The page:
During battles you can actively choose how many dice to roll and will then see the battle played out at the bottom of the screen in a similar style to the cutscenes but after a few goes of that, I imagine most players will press X for the instant ‘Fast Battle’ option due to the incredibly sluggish nature of the game.  Given that all the computations can be performed in a microsecond, Risk seems to slow things down at every possible opportunity, throwing in animations where you don’t need them, taking an age to switch players and lagging on online (occasionally stopping, forcing you to quit the match entirely).

One missed opportunity is evident as soon as you look at the name of the game.  The factions, whilst amusingly portrayed in the story, play exactly the same with no additional abilities or weaknesses.  A few adjustments there could have given the game far more tactical depth as well as some much needed variation.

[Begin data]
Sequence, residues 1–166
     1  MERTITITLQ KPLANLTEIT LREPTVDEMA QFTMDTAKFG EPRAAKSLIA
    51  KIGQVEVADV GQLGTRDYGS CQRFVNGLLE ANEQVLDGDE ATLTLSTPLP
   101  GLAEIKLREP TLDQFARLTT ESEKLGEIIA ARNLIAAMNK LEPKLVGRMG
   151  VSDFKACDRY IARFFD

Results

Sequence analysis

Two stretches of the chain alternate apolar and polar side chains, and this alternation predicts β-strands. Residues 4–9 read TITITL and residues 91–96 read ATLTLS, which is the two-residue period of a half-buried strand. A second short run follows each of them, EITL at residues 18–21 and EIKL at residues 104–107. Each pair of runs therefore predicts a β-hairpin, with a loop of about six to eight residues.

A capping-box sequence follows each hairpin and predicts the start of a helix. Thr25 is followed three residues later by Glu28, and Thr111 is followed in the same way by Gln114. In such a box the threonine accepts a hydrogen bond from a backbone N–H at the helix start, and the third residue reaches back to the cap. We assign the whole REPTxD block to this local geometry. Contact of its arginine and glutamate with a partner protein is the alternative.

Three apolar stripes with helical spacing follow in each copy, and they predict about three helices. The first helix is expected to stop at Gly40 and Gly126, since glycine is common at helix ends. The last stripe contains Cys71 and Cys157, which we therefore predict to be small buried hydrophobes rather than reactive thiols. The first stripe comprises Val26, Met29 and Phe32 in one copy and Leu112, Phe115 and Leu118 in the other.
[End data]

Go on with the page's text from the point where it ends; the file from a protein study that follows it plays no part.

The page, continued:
Also, for a game with such initially lovely presentation, the in-game visuals are incredibly badly thought out.  The viewing angle on the map makes it difficult to pick out objectives on the various territories and continent names have to be highlighted using the RB button rather than just being there.  Likewise, zooming in on a territory requires highlighting it (not always easy given that the highlighting effect is very weak and the layout of territories means it can take a couple of attempts to move your cursor onto the right one) and then clicking in the right analog stick.  Every other game of this type just uses the right stick to freely zoom in and out without clicking.  These interface choices don’t make the game unplayable in any way, but it’d be a much slicker experience if they thought about things for a while (or just nicked Catan’s entire interface).

That said though, the game is particularly charming and fun to play.  Sure, it’s not a patch on Carcassonne or Catan but fans of the genre will enjoy it and concerns about the easiness of the game aren’t too big an issue given that the whole thing seems geared towards multiplayer in the long-term anyway.  It more or less justifies the 800M$P price tag but the real value of the game depends on how many buddies you’ve got on your friend list who also shell out for it.

Rating: ★★★★★☆☆☆☆☆ 5/10